Monday, 30 May 2011

The Wet Welly Years

This is perhaps becoming a bit of a recurring theme on this blog - one thing that really annoys me is how negative so many parents can be about being a parent. Recently I've heard a few people moan that they haven't really had a holiday in years because it doesn't count when you're running about after your kids the whole time.

Before we had Evelyn we went on holiday a lot. We were fortunate to graduate at a time when the euro was weak, budget airlines actually were budget, and to be honest our standards were pretty low. So in the space of a year we'd easily cram in a week skiing, a couple of city breaks, a three week expedition to somewhere requiring vaccinations and a drunken winter weekend in a cottage in the country with a bunch of friends.

It is true that things are a bit different now. For one thing the cost of travel (and our standards) are somewhat higher these days, (I'm just not prepared to have to kill my bed with 100% Deet before I get in it anymore) and having a baby, now toddler, has changed things. But shhh don't tell anyone - it can be a good thing!

I'm not saying I don't miss our old holiday habits and I hope that when Evelyn is older we'll be able to introduce her to the sort of trips we used to take, then one day leave her behind while we take them again ourselves. I'd also be lying if I said that taking a toddler on holiday isn't actually more exhausting than having one at home,  but much as I'd love another few weeks in South America or nights in romantic mountainside restaurants in Andalusia, I have done those things.

A big part of travel for me has always been trying something new. A week in March on a farm in Cornwall may not immediately hold the same appeal as backpacking in Asia, but it is ultimately a new experience. Having Evelyn has meant stepping out of the pattern we were forming and trying a different sort of new. It may seem very ordinary but if you're 19 months old and live in London then getting on a tractor in the morning to go and feed some lambs is every bit as amazing as seeing the sun rise over the Tikal pyramids, and watching that amazement is pretty awesome too.

Those of us lucky enough to have a child, have such a tiny little window in our lives when they are small and will scream with delight at the sight of a pig. So let's embrace the wet welly and donkey sanctuary years and the ordinary pleasure of seeing our children having fun. The beaches, mountains and smart hotels will most likely still be there for us when the little ones are all grown up and off having adventures of their own.


Sunday, 15 May 2011

Czech Out This New Research!

I'm sorry, that's a terrible pun....

Last year I had a bit of a rant about the thyroid problem I developed after having Evelyn and the apparent ignorance of the condition shown by the medical professionals involved in my care. So it was interesting to read about a study conducted by a team in Prague (you see where that pun came from now?) looking into screening for the condition in early pregnancy.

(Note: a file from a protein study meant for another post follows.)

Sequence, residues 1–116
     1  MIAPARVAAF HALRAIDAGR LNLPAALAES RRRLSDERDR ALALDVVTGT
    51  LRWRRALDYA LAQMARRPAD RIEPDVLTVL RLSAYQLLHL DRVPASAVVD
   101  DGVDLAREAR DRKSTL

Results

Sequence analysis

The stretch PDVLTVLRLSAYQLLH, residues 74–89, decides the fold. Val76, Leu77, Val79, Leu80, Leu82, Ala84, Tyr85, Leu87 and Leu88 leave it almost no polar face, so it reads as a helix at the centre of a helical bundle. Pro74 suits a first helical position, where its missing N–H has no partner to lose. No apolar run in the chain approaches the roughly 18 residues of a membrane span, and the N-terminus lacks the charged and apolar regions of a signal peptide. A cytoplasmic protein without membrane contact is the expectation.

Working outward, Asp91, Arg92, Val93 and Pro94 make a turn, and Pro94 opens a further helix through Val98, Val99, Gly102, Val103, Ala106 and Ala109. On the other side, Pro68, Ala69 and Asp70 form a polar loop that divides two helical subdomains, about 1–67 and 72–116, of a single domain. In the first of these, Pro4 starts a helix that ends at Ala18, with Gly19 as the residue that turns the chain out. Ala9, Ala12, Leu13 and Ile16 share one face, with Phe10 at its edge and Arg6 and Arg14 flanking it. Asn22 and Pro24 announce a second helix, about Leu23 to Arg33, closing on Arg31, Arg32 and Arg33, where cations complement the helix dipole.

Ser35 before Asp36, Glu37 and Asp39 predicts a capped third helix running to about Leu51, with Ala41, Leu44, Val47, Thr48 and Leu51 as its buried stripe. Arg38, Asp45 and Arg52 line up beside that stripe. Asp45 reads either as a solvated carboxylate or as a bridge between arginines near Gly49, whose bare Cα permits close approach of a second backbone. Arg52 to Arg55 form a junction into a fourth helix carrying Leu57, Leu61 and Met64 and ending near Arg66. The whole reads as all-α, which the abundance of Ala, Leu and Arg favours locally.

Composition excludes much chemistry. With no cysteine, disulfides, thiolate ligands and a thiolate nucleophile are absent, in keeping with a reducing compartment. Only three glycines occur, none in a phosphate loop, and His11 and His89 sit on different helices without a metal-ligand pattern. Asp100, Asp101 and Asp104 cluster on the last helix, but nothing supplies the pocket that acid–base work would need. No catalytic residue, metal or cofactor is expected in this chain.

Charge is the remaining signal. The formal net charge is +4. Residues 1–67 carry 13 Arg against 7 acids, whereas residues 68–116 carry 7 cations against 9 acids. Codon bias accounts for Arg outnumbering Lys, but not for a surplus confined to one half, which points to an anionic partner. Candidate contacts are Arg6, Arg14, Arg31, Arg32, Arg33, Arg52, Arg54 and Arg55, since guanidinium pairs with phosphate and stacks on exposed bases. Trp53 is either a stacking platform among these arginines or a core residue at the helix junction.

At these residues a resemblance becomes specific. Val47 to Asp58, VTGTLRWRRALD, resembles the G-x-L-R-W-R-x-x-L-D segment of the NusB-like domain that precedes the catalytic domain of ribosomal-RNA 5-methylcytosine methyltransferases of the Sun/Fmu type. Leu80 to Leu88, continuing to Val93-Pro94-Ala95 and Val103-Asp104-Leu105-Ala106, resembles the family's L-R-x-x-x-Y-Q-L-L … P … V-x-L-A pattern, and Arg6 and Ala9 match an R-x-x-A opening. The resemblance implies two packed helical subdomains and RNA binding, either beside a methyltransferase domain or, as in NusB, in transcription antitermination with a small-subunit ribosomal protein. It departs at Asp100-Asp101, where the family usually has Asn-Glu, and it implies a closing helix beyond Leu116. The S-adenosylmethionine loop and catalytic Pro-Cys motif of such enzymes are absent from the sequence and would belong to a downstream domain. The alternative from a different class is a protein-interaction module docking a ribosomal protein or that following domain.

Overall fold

The team followed healthy women who tested positive for a particular antibody in the early stages of pregnancy and found that 36% of them had developed thyroid disorders by the time their babies were 22 months old. The investigators concluded that all women found to be positive for the antibody in pregnancy should be routinely monitored postpartum so that any thyroid problems can be quickly picked up and treated.

This was a fairly small study and didn't get a great deal of coverage but I was very interested to read the BBC article about it in which a spokesperson for the Royal College of Midwives seemed rather skeptical of the need for thyroid screening. I agree that a larger study is needed, but not with her assertion that:

"In the UK we have a comprehensive programme of antenatal care from as early as possible in pregnancy.
"This gives us a good baseline to monitor women throughout pregnancy and immediately after pregnancy."

At least in our part of London you don't normally see anyone for the first three months of pregnancy and my thyroid condition was picked up by a friend many months after Evelyn was born having been completely missed by all the medical professionals I'd already seen. Had she not spotted it I suspect it would never have been diagnosed.

Now there are far worse conditions to have but it can have a big impact on your ability to cope with the already demanding task of looking after a small baby. More seriously, if untreated, it can cause problems for future pregnancies included an increased chance of miscarriage in those unmonitored first months.

I had to give a heck of a lot of blood samples during pregnancy, sadly non of them were for the antibody that could have indicated this potential problem, I for one would have been quite happy to have given up a few more mls and had a bit more monitoring to have avoided 9 months of feeling hopeless, old and exhausted.